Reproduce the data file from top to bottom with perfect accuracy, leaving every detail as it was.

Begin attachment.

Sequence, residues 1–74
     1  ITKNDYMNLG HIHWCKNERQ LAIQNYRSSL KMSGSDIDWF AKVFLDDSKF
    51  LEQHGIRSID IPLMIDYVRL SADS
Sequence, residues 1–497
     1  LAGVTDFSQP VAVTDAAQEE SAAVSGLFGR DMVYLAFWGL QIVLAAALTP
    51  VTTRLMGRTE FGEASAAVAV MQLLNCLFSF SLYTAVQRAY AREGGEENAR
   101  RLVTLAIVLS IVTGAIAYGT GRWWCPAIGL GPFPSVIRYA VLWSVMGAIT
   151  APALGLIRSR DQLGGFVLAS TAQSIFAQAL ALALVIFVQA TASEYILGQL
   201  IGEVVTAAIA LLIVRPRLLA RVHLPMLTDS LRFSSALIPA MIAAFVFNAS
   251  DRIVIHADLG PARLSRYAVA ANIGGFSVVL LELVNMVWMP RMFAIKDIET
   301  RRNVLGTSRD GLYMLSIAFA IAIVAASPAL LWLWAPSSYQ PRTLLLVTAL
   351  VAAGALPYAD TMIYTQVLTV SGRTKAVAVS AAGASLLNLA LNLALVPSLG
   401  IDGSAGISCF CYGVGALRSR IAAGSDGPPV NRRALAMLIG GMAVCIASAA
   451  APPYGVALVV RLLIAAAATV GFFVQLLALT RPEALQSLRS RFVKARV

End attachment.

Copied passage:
Sequence, residues 1–74
     1  ITKNDYMNLG HIHWCKNERQ LAIQNYRSSL KMSGSDIDWF AKVFLDDSKF
    51  LEQHGIRSID IPLMIDYVRL SADS
Sequence, residues 1–497
     1  LAGVTDFSQP VAVTDAAQEE SAAVSGLFGR DMVYLAFWGL QIVLAAALTP
    51  VTTRLMGRTE FGEASAAVAV MQLLNCLFSF SLYTAVQRAY AREGGEENAR
   101  RLVTLAIVLS IVTGAIAYGT GRWWCPAIGL GPFPSVIRYA VLWSVMGAIT
   151  APALGLIRSR DQLGGFVLAS TAQSIFAQAL ALALVIFVQA TASEYILGQL
   201  IGEVVTAAIA LLIVRPRLLA RVHLPMLTDS LRFSSALIPA MIAAFVFNAS
   251  DRIVIHADLG PARLSRYAVA ANIGGFSVVL LELVNMVWMP RMFAIKDIET
   301  RRNVLGTSRD GLYMLSIAFA IAIVAASPAL LWLWAPSSYQ PRTLLLVTAL
   351  VAAGALPYAD TMIYTQVLTV SGRTKAVAVS AAGASLLNLA LNLALVPSLG
   401  IDGSAGISCF CYGVGALRSR IAAGSDGPPV NRRALAMLIG GMAVCIASAA
   451  APPYGVALVV RLLIAAAATV GFFVQLLALT RPEALQSLRS RFVKARV